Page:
3 March 2024
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My Australian predictions for 2024

Malcolm Mackerras
12 December 2023

In my Switzer Daily article posted on 4 November “Come October 2024 Sir Keir Starmer will be the British Prime Minister   https://switzer.com.au/the-experts/malcolm-mackerras/come-october-2024-sir-keir-starmer-will-be-the-british-prime-minister/  

I promised that I would make my equivalent predictions for Australia and the USA before the year 2023 is closed. So, here goes for Australia, beginning with federal elections.

In the summer of 2024, there will be a by-election for the federal Victorian electoral division of Dunkley created by the tragic death of Peta Murphy occurring on Monday 4 December. The Liberal Party will need a swing of 6.3% to take Dunkley. My prediction is that Labor will retain the seat, but I’ll elaborate in a special article written on the eve of polling day itself. Apart from Dunkley, there will be no federal elections of any kind next year. Also, next year there will be no state general elections in New South Wales, Victoria, South Australia, Tasmania or Western Australia. The scheduled simultaneous elections for House of Representatives and half-Senate will occur in May 2025.

I am aware that several political pundits are predicting federal elections will occur next year in August, September, October, November or December. For various technical reasons, however, I rule out totally August, September or October. I cannot completely rule out November or December next year so I give history and explain why I don’t believe history will prevail in this case.

There have been 47 federal general elections, being five in March, two in April, six in May, two in July, two in August, five in September, six in October, seven in November and 12 in December. There has never been a federal general election in January, February or June.

In his opinion piece, in The Australian on Tuesday 5 December, Troy Bramston, in effect, predicted that there would be a November-December 2024 federal general election. He indicated his de facto prediction by this remark: “The thinking is if the government sees out the following year, by early 2025 the pre-election speculation will be at fever pitch. It will look like the government is dragging its heels.”

I disagree with that emphatically. Albanese can kill such speculation by announcing firmly that the election will be in May 2025. If anyone speculates otherwise, he can down face such speculation. That is what I advise him to do and that is what I believe he will do. In doing so he could make it clear that he stands upon the moral high ground of asserting that the parliament should be allowed to run its full term of three years – and it will so run.

There is another point Albanese could make that I believe he will make, either publicly or in private. He could say that there have been 12 elections in December of which the most recent was held on Saturday 1 December 1984. It was called by Bob Hawke who used all the arguments now being used by those urging such an early election on Albanese. The result of the election was that Hawke won, but with a win much poorer than Hawke had planned. So, Albanese would be well advised not to go to an early election in November or December next year.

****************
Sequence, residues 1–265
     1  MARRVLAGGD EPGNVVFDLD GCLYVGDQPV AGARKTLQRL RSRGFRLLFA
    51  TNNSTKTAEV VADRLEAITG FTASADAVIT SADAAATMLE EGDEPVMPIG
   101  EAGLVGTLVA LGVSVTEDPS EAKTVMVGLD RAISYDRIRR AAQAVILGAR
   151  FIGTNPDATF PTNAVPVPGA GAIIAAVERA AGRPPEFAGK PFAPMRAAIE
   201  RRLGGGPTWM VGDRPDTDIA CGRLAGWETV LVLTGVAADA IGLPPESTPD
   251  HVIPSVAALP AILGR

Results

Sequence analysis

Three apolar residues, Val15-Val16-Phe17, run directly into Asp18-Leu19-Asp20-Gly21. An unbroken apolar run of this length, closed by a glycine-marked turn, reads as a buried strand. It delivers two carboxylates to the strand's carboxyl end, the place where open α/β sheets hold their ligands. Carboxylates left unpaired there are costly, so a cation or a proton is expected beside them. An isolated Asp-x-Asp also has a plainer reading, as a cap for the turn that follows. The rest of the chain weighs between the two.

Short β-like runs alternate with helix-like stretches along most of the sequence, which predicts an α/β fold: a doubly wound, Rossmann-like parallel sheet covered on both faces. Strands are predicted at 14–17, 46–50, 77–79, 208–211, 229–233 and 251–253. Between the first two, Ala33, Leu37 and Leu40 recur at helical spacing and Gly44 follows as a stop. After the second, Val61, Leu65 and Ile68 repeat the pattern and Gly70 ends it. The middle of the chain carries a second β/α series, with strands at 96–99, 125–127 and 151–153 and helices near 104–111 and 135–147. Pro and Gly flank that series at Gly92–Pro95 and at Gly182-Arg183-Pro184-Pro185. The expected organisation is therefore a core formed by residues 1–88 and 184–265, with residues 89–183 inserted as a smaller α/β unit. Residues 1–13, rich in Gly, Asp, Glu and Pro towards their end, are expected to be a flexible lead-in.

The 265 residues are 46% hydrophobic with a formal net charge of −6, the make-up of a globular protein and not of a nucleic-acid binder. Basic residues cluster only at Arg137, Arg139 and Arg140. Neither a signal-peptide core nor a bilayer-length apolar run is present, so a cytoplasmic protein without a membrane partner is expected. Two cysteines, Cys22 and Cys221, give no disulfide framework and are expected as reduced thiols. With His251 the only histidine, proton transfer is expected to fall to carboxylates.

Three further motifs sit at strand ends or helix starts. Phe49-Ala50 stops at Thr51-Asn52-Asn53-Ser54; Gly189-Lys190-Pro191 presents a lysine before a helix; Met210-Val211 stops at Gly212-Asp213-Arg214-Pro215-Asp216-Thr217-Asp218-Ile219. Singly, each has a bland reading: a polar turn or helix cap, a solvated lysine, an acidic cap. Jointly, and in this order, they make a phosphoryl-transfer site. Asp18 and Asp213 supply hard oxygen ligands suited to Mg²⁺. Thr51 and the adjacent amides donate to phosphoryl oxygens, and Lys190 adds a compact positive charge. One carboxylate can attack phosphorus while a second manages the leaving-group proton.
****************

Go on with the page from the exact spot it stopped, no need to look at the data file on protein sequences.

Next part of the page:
There will be elections next year in the Northern Territory on 24 August and in the ACT on 19 October. Labor will hold office in both, but the performance of the Liberals will be seen to be very creditable. Then on 26 October will come the big election, the state election in Queensland which I’ll cover in detail (including publishing a Mackerras pendulum) as polling day gets closer. The Labor government of Steven Miles (or whoever is chosen to succeed Annastacia Palaszczuk as Labor leader) will be defeated. The new premier will be LNP leader David Crisafulli, the member for Broadwater. Queensland, therefore, will be the only jurisdiction to change its head of government next year. On New Year’s Day 2025 Anthony Albanese will still be prime minister and the premiers will still be Chris Minns in New South Wales, Jacinta Allan in Victoria, Jeremy Rockliff in Tasmania, Peter Malinausksas in South Australia, and Roger Cook in Western Australia.

That the Queensland Labor government is generally expected to be defeated in October next year will weigh on Albanese’s mind when he dismisses the proposal to have a federal election in December 2024. Why would he choose a federal election date to lie in the immediate aftermath of Labor’s defeat in Queensland? It makes no sense. By May 2025, the LNP Queensland government might be unpopular enough as to help Labor federally in Queensland.

Moving into 2025, the first election will be the state election in Western Australia for which the fixed date is Saturday 8 March. Labor will lose quite a bundle of seats – inevitable after such a massive landslide victory achieved by Mark McGowan last time, on 13 March 2021. However, Roger Cook will achieve a very respectable win for Labor – and provide an excellent backdrop for Albanese when he goes to the polls in May 2025.

I have promised readers that I’ll give my American predictions for 2024. I’ll do that in my first Switzer Daily article for 2024. In the meantime, readers can get a flavour of what I am likely to predict by looking at these articles published under my name:


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